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dc.contributor.authorYee, Estella
dc.identifier.otherbibid: 10489667
dc.description.abstractProtein electron transfer reactions are essential in biological and bioenergetic systems. They are capable of mobilizing charges over vast distances through the use of relay residues, which behave as intermediary sites for electron localization and hopping. The electron transfer rate is primarily determined by driving force, reorganization energies, and electronic coupling between the donor and acceptor species, as modeled by the Marcus equation. However, these parameters are not readily obtained by in vitro experiments and the reaction may be further complicated by proton transfer events. Thus, systems amenable to facile manipulation of these parameters are highly advantageous for in vitro studies. Tyrosine and tryptophan are among the most prevalent relay residues in electron transfer systems, but despite their similarities, one can not easily replace the functionality of the other. In our first protein model system, yeast cytochrome c peroxidase:cytochrome c, we substituted the conserved tryptophan electron hopping site with a tyrosine residue, allowing us to gain insight into the behavior of tyrosyl radicals in electron transfer and the effect of its local environment on activity. Our findings evince that inclusion of a basic side chain that coordinates to the phenolic proton is essential for augmenting electron transfer rates through the hopping site. Other relay amino acids also play significant roles in proteins, including methionine and cysteine residues. In our second protein model, we use a flavoprotein photosensor (VIVID) variant that is devoid of an active-site cysteine residue essential for generating the canonical light-oxygen-voltage domain flavin signaling state. We demonstrated that this protein variant is surprisingly capable of in vivo signaling and light-dependent conformational changes. From spectroscopic investigations, we identified the elusive electron donors responsible for the formation of this signaling state and show the importance of methionine residues in transferring electrons. Herein, I have disseminated our findings on these two projects, furthering our understanding of the intricacies of protein electron transfer and the necessary properties of relay residues for facilitating electron transfer reactions. Firstly, in Chapter 2 and Appendix A, I discuss our findings on intermolecular electron transfer through a tyrosyl hopping site in the cytochrome c peroxidase complex and recovery of activity through manipulation of the tyrosyl environment. Following this, I relate investigations of a photoactive model system comprised of internal electron donors. In Chapter 3, I evaluate the ability of the active-cysteine-less VIVID variant to induce a biologically relevant signaling response in blue light, and in Chapter 4, I describe continued investigations on the intrinsic electron transfer mechanism involved in photoactivation, with some burgeoning discoveries on an analogous photoactive system presented in Appendix B.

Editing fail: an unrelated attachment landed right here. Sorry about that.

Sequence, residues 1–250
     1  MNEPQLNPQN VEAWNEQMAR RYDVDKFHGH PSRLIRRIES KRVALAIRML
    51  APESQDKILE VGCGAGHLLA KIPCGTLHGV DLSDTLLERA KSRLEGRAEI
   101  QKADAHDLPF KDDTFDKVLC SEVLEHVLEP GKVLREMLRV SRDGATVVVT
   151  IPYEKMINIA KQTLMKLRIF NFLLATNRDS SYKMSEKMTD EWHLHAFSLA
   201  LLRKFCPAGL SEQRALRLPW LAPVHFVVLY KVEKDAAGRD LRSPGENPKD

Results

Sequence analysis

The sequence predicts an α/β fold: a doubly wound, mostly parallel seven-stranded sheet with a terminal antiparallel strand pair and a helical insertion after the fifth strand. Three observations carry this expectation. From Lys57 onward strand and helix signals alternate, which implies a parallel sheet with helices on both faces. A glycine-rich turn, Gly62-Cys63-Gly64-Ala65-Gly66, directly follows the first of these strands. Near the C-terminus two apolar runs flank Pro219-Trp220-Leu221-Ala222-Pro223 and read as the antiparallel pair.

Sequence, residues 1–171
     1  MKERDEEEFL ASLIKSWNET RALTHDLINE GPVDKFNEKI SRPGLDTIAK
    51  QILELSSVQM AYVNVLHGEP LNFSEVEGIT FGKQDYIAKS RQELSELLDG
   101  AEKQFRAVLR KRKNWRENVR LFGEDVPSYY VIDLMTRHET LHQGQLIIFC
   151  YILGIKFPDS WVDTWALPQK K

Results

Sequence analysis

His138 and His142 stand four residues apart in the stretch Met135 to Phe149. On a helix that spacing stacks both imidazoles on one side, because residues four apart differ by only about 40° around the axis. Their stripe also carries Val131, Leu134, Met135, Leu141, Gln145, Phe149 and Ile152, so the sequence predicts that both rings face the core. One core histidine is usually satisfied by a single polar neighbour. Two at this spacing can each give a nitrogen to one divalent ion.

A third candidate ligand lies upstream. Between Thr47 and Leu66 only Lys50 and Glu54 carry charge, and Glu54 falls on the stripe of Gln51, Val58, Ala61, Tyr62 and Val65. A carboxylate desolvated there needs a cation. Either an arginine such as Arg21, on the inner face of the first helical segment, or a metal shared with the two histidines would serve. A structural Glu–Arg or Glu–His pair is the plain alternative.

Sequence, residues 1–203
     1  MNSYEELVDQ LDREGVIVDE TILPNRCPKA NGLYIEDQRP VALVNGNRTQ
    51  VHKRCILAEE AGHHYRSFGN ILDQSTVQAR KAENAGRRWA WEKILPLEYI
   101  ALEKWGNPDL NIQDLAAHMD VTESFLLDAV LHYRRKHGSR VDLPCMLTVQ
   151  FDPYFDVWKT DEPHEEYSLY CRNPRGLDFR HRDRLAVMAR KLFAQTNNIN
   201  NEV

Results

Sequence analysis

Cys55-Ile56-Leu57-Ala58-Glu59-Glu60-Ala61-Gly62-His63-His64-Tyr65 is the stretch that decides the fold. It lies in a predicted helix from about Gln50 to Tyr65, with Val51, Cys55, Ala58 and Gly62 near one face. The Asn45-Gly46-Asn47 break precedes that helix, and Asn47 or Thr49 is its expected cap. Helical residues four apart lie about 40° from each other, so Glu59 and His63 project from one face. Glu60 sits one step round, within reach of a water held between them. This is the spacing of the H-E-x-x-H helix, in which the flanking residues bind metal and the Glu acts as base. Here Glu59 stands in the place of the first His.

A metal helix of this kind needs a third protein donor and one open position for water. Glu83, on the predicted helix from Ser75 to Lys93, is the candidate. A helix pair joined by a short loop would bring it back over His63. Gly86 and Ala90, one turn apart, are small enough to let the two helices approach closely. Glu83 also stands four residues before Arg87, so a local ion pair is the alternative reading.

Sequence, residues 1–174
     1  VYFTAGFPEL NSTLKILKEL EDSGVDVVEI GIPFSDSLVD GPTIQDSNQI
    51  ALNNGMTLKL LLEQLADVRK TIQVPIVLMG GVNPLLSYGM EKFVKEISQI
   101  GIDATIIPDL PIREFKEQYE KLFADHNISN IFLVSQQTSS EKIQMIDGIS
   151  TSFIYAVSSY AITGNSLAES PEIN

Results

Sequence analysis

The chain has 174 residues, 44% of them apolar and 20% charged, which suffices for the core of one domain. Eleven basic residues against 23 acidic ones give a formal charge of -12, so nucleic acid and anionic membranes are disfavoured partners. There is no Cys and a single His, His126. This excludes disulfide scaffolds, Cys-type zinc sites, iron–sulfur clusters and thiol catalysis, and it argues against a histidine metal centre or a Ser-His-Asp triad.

dc.rightsAttribution-NonCommercial-NoDerivatives 4.0 International*
dc.subjectLOV domains
dc.subjectMarcus theory
dc.subjectprotein electron transfer
dc.subjectPhysical chemistry
dc.subjectcytochrome c peroxidase
dc.titleRole of Redox-Active Relay Residues in Protein Electron Transfer
dc.typedissertation or thesis and Chemical Biology University of Philosophy D., Chemistry and Chemical Biology
dc.contributor.chairCrane, Brian
dc.contributor.committeeMemberGruner, Sol Michael
dc.contributor.committeeMemberPetersen, Poul B.

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